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Biden confronts mounting humanitarian crisis at the border

Just over a month into his presidency, President Biden is staring down a mounting crisis at the border that could be just as bad as the ones faced by Barack Obama and Donald Trump, if not worse.

  • Why it matters: Immigration is an issue that can consume a presidency. It's intensely and poisonously partisan. It's complicated. And the lives and welfare of vulnerable children hang in the balance.

The backstory: Biden came into office sounding a warmer, more welcoming policy that would treat migrants humanely. Desperate people have taken notice.

  • And Biden reversed Trump’s COVID-era policy of turning away unaccompanied children — the very group that is now surging and being held for days in border stations unfit for children.

What's happening: Shelters are overflowing. Border crossings are rising. Border Patrol facilities are overwhelmed. And the new administration is taking fire from both the left and right as it grapples with the issue's harsh realities.

Where it stands: President Biden’s advisers told him this past week that the number of migrant children crossing the U.S. border without their parents this year is likely to far exceed the previous record.

  • The federal government is taking custody of 321 migrant children per day, on average, and those numbers have been climbing rapidly all year.
  • As reported by Axios earlier this week, federal officials said they need 20,000 beds to house an expected surge in migrant children crossing the border. They’ve already opened new facilities and plan to adjust some protocols to accommodate more kids while keeping everyone safe from the coronavirus.

What they’re saying: Progressives look at the rising number of migrant kids in temporary overflow facilities, including tents, and see a betrayal of Biden’s pledge to reverse Trump’s immigration policies. Some also say officials are too quick to invoke the pandemic to quickly deport adults and some families.

  • Conservatives look at the crush of migrants and see the inevitable result of Biden ending too many Trump policies, including the practice of expelling unaccompanied children and cancelling agreements that allowed the U.S. to send some asylum seekers to Central America.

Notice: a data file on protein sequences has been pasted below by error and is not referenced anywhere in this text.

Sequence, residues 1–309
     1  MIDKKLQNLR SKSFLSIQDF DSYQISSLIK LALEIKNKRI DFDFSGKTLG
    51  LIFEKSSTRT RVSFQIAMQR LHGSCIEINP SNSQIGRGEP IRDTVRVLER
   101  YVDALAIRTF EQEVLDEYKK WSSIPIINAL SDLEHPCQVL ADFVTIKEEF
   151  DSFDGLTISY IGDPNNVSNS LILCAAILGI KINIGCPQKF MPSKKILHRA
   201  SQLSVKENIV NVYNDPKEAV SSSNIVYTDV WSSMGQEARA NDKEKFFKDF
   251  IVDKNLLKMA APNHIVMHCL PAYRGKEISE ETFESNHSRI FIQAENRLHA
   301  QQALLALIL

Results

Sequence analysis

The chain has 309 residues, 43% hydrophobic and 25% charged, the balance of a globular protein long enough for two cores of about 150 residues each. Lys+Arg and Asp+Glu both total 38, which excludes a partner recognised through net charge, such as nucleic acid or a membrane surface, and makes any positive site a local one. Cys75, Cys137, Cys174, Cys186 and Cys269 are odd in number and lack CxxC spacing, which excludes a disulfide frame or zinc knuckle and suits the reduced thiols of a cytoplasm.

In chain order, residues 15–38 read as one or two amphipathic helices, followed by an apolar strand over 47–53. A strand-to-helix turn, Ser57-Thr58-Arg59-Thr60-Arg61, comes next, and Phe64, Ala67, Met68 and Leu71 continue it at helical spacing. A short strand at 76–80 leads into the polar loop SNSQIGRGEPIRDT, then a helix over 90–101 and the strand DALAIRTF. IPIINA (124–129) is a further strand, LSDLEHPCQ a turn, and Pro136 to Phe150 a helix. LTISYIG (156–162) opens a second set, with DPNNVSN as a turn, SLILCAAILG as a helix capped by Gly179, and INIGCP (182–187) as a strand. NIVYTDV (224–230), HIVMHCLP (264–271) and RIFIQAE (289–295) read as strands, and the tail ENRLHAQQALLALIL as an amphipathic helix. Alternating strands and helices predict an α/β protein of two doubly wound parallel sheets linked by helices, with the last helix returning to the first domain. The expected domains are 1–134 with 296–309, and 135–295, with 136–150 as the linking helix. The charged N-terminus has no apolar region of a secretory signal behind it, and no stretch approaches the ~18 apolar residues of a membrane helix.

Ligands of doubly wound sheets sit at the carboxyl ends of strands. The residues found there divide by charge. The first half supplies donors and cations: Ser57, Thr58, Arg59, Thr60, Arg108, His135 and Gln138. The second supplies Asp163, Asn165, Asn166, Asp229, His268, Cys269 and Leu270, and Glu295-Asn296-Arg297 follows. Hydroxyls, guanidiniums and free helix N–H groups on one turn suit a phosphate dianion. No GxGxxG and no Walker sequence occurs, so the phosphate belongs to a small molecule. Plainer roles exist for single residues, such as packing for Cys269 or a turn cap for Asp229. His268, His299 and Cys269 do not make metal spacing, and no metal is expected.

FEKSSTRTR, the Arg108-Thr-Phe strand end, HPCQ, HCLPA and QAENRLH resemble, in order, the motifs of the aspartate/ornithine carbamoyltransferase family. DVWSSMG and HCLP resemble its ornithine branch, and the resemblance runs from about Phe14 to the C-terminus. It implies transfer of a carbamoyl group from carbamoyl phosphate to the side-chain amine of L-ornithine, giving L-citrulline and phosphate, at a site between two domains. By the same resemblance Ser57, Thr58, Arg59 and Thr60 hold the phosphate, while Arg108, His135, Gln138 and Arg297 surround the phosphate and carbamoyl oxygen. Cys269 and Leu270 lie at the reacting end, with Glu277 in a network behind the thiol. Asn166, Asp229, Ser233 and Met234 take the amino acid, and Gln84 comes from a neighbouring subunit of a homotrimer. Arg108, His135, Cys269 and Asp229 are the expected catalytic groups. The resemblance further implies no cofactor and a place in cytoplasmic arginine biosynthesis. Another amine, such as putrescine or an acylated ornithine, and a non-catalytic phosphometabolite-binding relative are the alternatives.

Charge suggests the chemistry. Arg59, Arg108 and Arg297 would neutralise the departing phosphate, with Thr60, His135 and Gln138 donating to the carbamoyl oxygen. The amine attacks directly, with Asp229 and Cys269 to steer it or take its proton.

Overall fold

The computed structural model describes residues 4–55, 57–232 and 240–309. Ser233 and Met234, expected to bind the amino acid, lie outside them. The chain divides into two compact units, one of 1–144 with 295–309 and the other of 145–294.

Between the lines: Families and children from Honduras, Guatemala and El Salvador often take the dangerous trip to the border to flee gang violence, natural disaster or severe poverty — only to arrive in a country that may not be equipped to quickly process and care for them.

  • Officials have to balance both real humanitarian needs against their duty to enforce immigration laws — and most laws haven't changed in decades. The pandemic has only made things harder.
  • Migration flows are difficult to predict, but systems and shelters at the border can't always adapt fast enough.

What to watch: There are still roughly three months left of what is usually the peak season for migrants coming to the U.S.-Mexico border. There is more that the Department of Health and Human Services can — and plans to — do to create space for more migrant children, but the projections are bleak.

Big European soccer teams announce breakaway league

12 of world soccer's biggest and richest clubs announced Sunday they've formed a breakaway European "Super League" — with clubs Manchester United, Liverpool, Barcelona Real Madrid, Juventus and A.C. Milan among those to sign up.

Details: So far the breakaway league that's due to start in August consists of six clubs from England, three from Spain and three from Italy.

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Senate Democrats settling on 25% corporate tax rate

The universe of Democratic senators concerned about raising the corporate tax rate to 28% is broader than Sen. Joe Manchin, and the rate will likely land at 25%, parties close to the discussion tell Axios.